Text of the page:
Section by Section
(Consider preserving a historic Section of Crown Hill Cemetery with a planned gift in your will and estate planning.)
Do You Know Crown Hill Cemetery?
- If you live in Indianapolis, you may have driven past Crown Hill, admired its vast green space, and wondered at the lives entrusted to it since its founding in 1863.
- If you grew up in Indianapolis, you may have visited Crown Hill on a school field trip, gathering leaves from some of its more than 4,100 trees, learning abut civic, state, and national history and traditions through its monuments to famous figures.
- If Crown Hill is a place of repose for your family and friends, you may have made solemn trips here to pay your respects, and may return time and again to renew your memories.
- If you are a student of history or genealogy, you may have come to Crown Hill to study and learn, perhaps about your own family, perhaps about others'.
- If architecture, sculpture, or stained glass artworks are your passions, you may have come here to view Crown Hill’s many treasures.
And perhaps, as Indianapolis residents have done for over 145 years, you have visited Crown Hill just to enjoy a family outing or a picnic in a setting more beautiful than many parks.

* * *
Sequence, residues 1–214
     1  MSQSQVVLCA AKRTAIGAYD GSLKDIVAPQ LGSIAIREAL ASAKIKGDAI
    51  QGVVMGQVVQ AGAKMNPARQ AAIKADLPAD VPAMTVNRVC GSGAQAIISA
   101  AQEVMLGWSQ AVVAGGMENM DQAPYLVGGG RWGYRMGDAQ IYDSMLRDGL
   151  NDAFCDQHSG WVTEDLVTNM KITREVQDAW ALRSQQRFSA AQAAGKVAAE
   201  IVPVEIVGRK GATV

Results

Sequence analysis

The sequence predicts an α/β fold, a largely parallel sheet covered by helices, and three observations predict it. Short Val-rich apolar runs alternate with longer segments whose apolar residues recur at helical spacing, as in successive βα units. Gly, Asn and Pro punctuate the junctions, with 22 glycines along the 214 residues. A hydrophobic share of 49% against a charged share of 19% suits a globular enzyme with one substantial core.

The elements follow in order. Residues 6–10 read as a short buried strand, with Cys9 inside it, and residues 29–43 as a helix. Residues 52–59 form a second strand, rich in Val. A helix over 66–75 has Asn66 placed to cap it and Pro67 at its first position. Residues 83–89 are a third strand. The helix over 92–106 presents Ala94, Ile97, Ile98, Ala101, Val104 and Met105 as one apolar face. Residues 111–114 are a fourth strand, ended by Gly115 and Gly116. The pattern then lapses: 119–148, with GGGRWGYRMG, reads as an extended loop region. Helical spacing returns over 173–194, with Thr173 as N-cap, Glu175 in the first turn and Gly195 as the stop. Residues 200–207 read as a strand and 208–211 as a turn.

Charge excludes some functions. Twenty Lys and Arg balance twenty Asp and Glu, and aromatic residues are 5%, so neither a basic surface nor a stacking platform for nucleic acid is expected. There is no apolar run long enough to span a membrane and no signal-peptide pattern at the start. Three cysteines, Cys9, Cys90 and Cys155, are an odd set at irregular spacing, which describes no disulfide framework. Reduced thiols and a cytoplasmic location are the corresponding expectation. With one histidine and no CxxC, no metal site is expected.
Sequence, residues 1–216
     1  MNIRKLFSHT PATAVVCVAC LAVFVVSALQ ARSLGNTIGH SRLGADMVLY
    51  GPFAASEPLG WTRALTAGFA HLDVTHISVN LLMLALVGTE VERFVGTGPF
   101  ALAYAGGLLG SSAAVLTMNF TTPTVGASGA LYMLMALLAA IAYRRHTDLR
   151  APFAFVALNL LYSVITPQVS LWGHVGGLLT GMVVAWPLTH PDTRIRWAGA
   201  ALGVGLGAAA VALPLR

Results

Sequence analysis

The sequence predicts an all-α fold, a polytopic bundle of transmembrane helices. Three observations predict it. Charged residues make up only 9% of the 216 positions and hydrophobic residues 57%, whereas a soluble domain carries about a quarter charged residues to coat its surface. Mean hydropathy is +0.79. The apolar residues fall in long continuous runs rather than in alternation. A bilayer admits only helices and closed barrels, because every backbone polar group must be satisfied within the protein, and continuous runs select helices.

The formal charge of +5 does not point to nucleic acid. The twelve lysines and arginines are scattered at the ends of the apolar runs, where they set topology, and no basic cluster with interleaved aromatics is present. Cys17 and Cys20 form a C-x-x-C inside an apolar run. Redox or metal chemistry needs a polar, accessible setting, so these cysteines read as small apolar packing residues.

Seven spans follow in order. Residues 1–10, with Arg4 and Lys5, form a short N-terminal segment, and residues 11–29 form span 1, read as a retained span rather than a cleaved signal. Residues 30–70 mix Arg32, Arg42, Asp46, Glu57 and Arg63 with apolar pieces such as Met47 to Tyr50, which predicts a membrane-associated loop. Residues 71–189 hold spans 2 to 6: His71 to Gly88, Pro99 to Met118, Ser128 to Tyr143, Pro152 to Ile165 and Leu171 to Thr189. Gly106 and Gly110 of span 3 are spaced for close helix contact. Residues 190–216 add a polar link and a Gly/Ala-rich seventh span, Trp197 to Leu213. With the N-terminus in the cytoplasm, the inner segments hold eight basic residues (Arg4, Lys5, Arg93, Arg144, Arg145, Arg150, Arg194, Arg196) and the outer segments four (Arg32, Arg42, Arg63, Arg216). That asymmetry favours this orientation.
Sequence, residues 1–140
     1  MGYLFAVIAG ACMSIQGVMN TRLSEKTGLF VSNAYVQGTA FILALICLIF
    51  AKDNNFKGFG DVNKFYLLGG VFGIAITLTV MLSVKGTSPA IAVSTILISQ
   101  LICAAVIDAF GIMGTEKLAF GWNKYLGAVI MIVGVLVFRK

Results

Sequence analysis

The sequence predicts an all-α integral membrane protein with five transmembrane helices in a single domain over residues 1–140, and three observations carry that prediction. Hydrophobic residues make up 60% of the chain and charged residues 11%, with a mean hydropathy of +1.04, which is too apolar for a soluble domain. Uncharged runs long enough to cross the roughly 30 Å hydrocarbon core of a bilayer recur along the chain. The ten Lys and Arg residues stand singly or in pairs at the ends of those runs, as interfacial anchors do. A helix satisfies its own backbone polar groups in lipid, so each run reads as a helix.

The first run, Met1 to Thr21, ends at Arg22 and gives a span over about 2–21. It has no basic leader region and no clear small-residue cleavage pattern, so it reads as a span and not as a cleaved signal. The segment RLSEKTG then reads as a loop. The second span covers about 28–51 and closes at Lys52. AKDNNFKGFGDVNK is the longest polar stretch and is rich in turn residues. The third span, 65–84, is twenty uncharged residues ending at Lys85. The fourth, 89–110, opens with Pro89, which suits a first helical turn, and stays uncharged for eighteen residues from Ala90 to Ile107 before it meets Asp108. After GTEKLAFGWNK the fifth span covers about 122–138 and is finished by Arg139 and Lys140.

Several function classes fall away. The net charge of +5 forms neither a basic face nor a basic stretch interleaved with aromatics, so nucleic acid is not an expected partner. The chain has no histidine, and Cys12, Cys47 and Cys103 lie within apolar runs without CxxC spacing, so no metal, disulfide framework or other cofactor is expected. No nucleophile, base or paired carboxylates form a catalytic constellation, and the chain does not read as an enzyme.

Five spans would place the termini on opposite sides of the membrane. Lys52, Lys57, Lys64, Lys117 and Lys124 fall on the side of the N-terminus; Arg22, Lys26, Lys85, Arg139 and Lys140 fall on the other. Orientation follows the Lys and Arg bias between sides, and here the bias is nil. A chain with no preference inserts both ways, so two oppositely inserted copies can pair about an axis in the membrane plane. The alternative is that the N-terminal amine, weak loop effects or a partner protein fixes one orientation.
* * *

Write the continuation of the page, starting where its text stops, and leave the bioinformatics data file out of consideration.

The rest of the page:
If You Know Crown Hill, you know it as an historic landmark of international renown. You know that it serves every sector of Indianapolis with the utmost respect for every religion, race, and creed. You know that it is a chronicle of Indianapolis history with over 195,000 chapters, one for each of the lives honored here. You know that just as Crown Hill is fundamental to the best of Indianapolis, preserving Crown Hill is fundamental to our city’s stature in the world. And if you know Crown Hill, you want to assure that this timeless place retains its beauty and importance for generations to come.
What You May Not Know About Crown Hill Cemetery is that despite its richly green landscape, countless memorials to human accomplishment, and boundless capacity for service, this magnificent historic and civic treasure needs your help to assure that its tributes to Indianapolis and to humanity remain viable into the future.
Donor Helps Preserve Section 45 at Crown Hill Cemetery in Estate Plan
Here’s How - The Historic Preservation Program of the Crown Hill Heritage Foundation restores, preserves, and enhances the historic landmarks, mausoleums, and memorials on the grounds of Crown Hill Cemetery.
Crown Hill Cemetery is listed on the National Register of Historic Places. The Crown Hill Heritage Foundation follows the eligibility guidelines of the National Register of Historic Places to help identify the structures, objects, and landmarks that will be preserved on the grounds of Crown Hill Cemetery. Architectural conservation, heritage conservation, and landscape preservation are considered.
The National Register Criteria for Evaluation include age, integrity, and significance.
- Age and Integrity - Is the property old enough to be considered historic (generally at least 50 years old) and does it still look much the way it did in the past?
- Significance – Is the structure/item associated with events, activities or developments that were important in the past? With the lives of the people who were important in the past? With significant architectural history, landscape history, or engineering achievements?